8. I got waitlisted to my #2 program, haven't hear back after interviews for my #1. I was wondering how to indicate to them that I'm really very interested in their program, and keep in contact with them, without giving false assurances that they are my number 1? Is inquiring about the waitlist process okay? We have a paper submitted where I am the second author, if it gets accepted, do I let them know? There were people who I would like to work with, who I didn't get to meet during the interview, is it still okay to contact them? I'm not really sure what kind of contact I should have, what's appropriate in this situation.
  9. I have some programs that have already had their interview weekends (and I was not invited) but haven't told me I've been rejected yet and it makes me so anxious. Like, we both know that I didn't get in, but if you tell me specifically that I didn't get in, then I can stop thinking about you.
  10. I have a 3.7 from my second undergrad institution, but a 3.2 from my first (I am a transfer student), and I had interviews at Yale and Columbia as well as NYU. I was very worried about my GPA, but once I got to interviews, there were a lot of people in a similar range (3.5-3.7). I think programs tend to care more about your experience, personal statement, and letters of recommendation, though of course they look at GPA too. I would not worry if you have a 3.7 GPA. As long as you have a good application overall, you should be okay. And if you have a low GPA, then go and explain that in your personal statement. If you struggled in a class, but learned a lot about yourself, or about why you are in your field, then that number or letter becomes a part of your story. Don't overthink the numbers. EDIT: I know I'm not applying to philosophy programs, but I had a philosophy minor, and plenty of friends in grad school for philosophy, and they are backing me up on this!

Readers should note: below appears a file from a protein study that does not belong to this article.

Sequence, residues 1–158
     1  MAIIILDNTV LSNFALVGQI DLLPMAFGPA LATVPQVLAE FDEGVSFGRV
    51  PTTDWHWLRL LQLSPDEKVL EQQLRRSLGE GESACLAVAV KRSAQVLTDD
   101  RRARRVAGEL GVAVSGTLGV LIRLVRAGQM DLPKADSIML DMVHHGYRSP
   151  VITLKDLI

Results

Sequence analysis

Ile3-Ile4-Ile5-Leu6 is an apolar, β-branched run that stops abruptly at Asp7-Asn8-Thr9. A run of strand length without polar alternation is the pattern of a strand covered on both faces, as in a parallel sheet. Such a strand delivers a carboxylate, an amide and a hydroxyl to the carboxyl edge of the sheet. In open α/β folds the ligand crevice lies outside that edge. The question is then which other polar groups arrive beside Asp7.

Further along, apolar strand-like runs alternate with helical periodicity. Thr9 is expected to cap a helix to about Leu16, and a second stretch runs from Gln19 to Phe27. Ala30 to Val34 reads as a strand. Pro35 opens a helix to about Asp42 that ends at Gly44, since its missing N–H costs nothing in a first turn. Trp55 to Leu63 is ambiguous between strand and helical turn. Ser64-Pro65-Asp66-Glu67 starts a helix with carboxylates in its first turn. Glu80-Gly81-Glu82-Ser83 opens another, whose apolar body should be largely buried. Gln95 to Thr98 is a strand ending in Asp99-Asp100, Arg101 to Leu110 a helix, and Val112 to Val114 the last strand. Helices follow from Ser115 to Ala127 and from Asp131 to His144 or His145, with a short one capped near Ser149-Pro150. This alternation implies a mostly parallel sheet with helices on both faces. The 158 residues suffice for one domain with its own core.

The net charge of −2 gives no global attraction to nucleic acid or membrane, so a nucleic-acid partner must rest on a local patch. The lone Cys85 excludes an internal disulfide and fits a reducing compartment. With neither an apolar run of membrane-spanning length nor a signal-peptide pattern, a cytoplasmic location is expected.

11. I just heard back after the interview, a rejection for me. I am pretty upset about it because Mt. Sinai was hands down my first choice school, but also I am applying straight out of undergrad, and it seemed like most applicants at my interview were more advanced (had 2-3 years post-bacc research or a masters), so I don't feel all bitter and cheated, just a bit sad. Good luck to the rest of you all!
  12. Worries: I just received an email from my top choice, which I interviewed with a few weeks ago, saying that I was not accepted. I thought the interview went amazing, and I loved the program and all the people in it. I've had two interviews since, neither of which went as well as the first one, so now I'm scared that I won't get in anywhere. I'm also really really heartbroken, because I've been dreaming about this program since my previous lab collaborated with a PI there a few years ago. I don't really know what I'm going to do if I don't get in anywhere. I don't really have a backup plan. Excitement: I still do have a couple more interviews, and I know I'm really lucky to have so many opportunities to showcase what I know and how much I love my subject. So I have more opportunities to (hopefully) get in somewhere. I guess just cross my fingers and do my best, and what happens will happen.